Seals use whiskers to track faraway fish

June 12th, 2010 - 4:31 pm ICT by ANI  

Washington, June 12 (ANI): A team of German scientists have found that harbour seals can track passing miniature submarines from 130 feet away by using their extraordinarily sensitive whiskers to follow the wakes the mini-subs leave behind in the water.

Previous studies with mini-subs and harbour seals (Phoca vitulina) revealed these agile hunters could prove remarkably perceptive.

However, since submarine propellers are not all that similar to fish fins, researchers wanted to see how sensitive the seals might be to more lifelike phenomena.

Scientists conducted underwater experiments at the Marine Science Center in Germany with a 6-year-old harbor seal named Henry over the course of two months.

As part of the research, they blindfolded the seal and trained him to poke his head into a plastic box shortly after they swept a small rubber fin through otherwise still water.

They also taught Henry to show which direction he thought the fin had moved by rewarding him with a tasty fish snack every time he was correct.

The researchers next had Henry swim into a pool shortly after a rubber fin had already swept through the water. Five seconds after a fin had swept through he could still successfully identify which direction the fin had moved with more than 90-percent accuracy.

As they gradually increased the length of the delay, meaning the wake was farther away by the time Henry reported his estimate, the scientists were amazed that even after a 35-second delay, Henry was able to tell them which direction the fin had passed with 70 percent accuracy. He only lost the trail after a 40-second delay.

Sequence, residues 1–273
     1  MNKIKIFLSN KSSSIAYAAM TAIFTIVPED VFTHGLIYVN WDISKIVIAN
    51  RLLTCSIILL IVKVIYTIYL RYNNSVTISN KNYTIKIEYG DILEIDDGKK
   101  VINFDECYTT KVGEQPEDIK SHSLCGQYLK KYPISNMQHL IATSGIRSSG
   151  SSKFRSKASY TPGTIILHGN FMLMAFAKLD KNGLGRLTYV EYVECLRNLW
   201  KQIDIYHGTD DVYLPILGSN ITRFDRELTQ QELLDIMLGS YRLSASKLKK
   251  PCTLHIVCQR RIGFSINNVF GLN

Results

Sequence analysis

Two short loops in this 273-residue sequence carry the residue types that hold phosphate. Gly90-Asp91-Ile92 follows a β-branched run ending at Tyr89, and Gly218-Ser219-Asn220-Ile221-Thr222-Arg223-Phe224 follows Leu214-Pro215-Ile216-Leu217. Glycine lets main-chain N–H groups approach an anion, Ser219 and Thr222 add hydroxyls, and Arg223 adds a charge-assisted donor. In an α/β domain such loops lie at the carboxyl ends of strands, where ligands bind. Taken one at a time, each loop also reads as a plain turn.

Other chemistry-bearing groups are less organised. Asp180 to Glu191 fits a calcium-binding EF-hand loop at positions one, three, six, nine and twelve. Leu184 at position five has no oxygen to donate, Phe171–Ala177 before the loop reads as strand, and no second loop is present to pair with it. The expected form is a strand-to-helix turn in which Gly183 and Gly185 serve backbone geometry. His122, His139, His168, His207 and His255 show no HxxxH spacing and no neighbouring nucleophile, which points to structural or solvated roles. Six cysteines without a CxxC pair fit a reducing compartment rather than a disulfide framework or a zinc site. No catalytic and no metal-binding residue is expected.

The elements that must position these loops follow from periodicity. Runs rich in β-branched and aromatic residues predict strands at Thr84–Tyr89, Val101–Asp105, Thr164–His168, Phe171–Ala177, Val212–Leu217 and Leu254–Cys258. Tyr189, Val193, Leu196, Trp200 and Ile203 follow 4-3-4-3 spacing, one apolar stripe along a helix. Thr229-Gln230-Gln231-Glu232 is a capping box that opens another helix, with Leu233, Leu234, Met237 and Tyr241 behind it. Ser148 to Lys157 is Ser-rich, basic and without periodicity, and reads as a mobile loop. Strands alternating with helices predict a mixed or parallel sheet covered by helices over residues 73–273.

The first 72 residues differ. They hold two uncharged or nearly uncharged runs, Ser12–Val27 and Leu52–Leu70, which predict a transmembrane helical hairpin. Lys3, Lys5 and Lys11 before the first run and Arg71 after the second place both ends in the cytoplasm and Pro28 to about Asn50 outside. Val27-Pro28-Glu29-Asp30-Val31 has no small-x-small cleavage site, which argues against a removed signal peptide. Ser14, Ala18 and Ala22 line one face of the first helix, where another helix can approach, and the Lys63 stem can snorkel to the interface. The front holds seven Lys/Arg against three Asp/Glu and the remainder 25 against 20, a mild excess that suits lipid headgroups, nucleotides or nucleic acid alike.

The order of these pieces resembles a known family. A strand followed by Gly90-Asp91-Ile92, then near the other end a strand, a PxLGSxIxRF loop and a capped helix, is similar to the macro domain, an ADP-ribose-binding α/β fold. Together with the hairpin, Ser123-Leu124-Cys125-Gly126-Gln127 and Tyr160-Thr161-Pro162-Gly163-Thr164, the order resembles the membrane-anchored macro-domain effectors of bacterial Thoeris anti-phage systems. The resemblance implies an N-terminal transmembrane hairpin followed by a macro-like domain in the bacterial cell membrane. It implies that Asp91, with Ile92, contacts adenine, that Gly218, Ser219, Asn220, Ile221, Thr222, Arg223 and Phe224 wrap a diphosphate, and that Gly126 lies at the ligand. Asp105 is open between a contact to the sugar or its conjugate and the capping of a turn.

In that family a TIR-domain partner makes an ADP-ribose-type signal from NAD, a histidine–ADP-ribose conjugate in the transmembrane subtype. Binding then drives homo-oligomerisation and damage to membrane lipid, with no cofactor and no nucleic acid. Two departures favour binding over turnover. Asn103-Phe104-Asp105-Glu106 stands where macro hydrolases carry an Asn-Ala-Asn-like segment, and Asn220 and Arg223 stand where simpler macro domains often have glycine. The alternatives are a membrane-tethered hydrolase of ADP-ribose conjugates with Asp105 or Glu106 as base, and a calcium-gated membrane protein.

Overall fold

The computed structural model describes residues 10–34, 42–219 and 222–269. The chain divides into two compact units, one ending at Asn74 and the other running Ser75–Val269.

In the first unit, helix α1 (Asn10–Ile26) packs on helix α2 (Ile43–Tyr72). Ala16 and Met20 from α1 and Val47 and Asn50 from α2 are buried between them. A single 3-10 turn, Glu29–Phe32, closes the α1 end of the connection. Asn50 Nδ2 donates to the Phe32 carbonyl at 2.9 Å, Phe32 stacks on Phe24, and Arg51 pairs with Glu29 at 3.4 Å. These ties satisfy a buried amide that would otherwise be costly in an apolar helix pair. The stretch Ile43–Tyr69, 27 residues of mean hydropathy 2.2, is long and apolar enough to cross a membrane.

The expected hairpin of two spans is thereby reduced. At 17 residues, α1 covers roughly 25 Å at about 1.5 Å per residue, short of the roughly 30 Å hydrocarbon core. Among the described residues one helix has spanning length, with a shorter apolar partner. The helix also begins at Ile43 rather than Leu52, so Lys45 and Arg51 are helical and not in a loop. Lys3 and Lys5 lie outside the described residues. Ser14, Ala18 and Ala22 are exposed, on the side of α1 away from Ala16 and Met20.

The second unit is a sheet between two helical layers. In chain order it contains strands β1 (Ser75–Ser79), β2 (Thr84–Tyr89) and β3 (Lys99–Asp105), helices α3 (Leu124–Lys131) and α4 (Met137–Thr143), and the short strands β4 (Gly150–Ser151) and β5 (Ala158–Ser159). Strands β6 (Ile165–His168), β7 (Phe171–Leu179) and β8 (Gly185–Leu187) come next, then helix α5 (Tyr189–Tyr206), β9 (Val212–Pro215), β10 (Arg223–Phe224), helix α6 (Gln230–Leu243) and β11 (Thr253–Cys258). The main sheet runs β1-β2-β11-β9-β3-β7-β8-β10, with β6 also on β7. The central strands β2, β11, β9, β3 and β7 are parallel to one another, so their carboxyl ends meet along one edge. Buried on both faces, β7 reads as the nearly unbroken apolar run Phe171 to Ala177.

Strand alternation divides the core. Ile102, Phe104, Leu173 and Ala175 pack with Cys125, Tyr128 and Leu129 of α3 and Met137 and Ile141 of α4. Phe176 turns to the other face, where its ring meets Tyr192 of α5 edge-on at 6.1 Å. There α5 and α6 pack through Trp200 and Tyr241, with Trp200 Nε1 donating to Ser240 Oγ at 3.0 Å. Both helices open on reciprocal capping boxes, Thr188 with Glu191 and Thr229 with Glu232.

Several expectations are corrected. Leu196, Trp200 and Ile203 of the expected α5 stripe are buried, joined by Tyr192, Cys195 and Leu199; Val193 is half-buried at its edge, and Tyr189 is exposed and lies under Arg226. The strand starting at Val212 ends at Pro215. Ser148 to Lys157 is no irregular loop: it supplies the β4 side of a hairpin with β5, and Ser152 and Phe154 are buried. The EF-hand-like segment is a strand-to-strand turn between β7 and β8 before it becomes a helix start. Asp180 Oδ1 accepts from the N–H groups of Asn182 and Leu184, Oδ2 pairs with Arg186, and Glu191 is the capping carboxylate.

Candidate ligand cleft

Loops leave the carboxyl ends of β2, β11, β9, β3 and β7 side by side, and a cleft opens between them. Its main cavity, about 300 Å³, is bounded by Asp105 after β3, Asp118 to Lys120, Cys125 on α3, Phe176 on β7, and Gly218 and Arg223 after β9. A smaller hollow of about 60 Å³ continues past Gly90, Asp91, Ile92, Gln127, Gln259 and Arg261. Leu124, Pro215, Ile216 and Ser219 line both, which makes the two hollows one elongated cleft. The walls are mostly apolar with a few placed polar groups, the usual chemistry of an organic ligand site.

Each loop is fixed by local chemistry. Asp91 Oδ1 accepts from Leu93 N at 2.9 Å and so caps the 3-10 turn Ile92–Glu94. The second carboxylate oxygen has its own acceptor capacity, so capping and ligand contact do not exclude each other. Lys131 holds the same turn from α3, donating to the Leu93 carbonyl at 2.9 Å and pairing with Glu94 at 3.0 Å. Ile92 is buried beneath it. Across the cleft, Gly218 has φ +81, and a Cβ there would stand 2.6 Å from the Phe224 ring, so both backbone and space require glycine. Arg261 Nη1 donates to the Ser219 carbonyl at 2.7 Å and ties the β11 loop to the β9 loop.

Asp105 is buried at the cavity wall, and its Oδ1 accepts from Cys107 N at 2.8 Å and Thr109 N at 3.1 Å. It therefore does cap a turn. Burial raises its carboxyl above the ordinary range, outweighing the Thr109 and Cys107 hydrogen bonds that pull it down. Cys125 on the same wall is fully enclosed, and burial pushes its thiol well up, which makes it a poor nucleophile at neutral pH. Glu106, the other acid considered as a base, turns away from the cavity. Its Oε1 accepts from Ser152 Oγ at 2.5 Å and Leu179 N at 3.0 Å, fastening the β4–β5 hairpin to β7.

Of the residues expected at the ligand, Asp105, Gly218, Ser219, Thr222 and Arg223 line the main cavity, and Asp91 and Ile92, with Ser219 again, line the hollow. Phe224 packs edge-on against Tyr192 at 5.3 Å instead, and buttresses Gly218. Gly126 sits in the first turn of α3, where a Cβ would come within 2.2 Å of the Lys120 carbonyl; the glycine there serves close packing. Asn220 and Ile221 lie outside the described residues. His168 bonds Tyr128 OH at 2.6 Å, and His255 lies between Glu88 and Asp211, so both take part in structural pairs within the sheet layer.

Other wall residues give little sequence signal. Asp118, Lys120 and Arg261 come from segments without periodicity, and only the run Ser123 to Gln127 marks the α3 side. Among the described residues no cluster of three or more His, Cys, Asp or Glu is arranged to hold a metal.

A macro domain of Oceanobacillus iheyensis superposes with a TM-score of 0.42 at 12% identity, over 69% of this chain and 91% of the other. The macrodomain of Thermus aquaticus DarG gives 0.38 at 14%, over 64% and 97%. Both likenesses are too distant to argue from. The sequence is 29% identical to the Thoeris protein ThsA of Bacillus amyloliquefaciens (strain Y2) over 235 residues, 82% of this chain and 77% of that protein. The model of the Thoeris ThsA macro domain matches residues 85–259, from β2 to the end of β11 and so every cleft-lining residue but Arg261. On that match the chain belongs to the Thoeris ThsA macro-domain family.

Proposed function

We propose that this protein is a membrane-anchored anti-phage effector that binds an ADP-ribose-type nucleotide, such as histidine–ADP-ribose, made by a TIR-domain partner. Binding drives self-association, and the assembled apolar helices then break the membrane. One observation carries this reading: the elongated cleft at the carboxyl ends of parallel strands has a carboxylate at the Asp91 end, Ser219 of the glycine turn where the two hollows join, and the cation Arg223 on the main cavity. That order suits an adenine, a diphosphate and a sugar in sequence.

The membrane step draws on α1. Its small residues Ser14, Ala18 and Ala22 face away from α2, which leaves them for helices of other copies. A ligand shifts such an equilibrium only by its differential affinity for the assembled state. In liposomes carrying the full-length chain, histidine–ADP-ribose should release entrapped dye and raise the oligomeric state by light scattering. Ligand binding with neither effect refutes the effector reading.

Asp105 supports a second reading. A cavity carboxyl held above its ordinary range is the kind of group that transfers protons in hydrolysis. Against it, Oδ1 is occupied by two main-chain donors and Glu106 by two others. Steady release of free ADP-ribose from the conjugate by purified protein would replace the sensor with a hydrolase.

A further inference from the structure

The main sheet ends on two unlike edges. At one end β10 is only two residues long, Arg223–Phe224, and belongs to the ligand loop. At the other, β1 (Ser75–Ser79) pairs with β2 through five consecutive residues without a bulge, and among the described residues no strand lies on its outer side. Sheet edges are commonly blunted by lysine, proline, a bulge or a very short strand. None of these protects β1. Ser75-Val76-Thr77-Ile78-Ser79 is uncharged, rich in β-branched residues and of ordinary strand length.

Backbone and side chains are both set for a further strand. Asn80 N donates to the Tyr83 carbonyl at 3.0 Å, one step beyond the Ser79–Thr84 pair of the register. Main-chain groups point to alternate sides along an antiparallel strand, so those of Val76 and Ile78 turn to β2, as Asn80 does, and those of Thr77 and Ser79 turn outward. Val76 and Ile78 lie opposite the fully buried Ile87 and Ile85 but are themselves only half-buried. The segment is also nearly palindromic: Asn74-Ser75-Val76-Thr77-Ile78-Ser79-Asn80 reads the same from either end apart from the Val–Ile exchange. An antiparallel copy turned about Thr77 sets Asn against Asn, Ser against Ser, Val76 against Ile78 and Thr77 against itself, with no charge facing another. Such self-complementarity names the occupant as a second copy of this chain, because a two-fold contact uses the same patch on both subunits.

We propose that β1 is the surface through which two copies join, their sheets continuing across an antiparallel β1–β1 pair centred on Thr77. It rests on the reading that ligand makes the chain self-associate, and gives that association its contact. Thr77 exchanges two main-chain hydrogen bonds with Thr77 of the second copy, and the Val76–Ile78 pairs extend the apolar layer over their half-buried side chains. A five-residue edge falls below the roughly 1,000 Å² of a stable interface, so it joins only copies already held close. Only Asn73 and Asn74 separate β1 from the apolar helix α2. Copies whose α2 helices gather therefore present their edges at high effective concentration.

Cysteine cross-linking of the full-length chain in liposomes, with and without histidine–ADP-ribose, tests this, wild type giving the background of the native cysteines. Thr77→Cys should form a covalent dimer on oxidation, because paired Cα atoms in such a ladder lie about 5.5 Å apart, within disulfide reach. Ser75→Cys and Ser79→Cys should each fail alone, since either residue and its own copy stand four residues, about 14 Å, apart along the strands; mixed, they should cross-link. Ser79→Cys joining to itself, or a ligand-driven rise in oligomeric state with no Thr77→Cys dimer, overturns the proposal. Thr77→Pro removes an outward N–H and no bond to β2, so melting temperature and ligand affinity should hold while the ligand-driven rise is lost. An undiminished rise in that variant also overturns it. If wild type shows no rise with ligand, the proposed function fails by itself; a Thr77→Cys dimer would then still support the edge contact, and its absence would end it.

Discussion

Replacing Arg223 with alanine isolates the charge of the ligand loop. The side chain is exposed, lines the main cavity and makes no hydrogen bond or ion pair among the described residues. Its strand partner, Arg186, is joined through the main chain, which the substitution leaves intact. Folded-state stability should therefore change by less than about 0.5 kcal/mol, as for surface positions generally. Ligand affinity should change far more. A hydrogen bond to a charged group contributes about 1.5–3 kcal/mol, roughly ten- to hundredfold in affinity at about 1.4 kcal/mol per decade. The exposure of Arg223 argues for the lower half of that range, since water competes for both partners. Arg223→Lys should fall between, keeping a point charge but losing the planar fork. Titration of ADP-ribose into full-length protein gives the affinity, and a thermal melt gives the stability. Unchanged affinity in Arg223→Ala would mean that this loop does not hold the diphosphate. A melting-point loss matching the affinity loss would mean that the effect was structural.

Researcher Wolf Hanke, a sensory ecologist at Rostock University in Germany, said that a fish can cover tens and hundreds of yards (meters) in the span of a half-minute, so seal whiskers “compare well with the performance of whales and dolphins,” and their sophisticated means of scanning the world with echolocation.

To find out more about the rubber fin’s decaying trail, the scientists added microscopic polymer spheres to the water and filmed them as they swirled through laser light. They saw Henry twitched his head in the direction that the fin had moved within a half-second of the wake’s plume touching his whiskers.

The researchers suspect that harbour seals can analyze the structure of the vortexes and jets kicked up by the plumes from the fin to find out which direction the fin moved.

“We knew that seals do not have echolocation, but still find fish in very dark and turbid waters. They turned out to be experts,” Live Science quoted Hanke as saying.

The scientists detailed their findings online June 11 in the Journal of Experimental Biology. (ANI)

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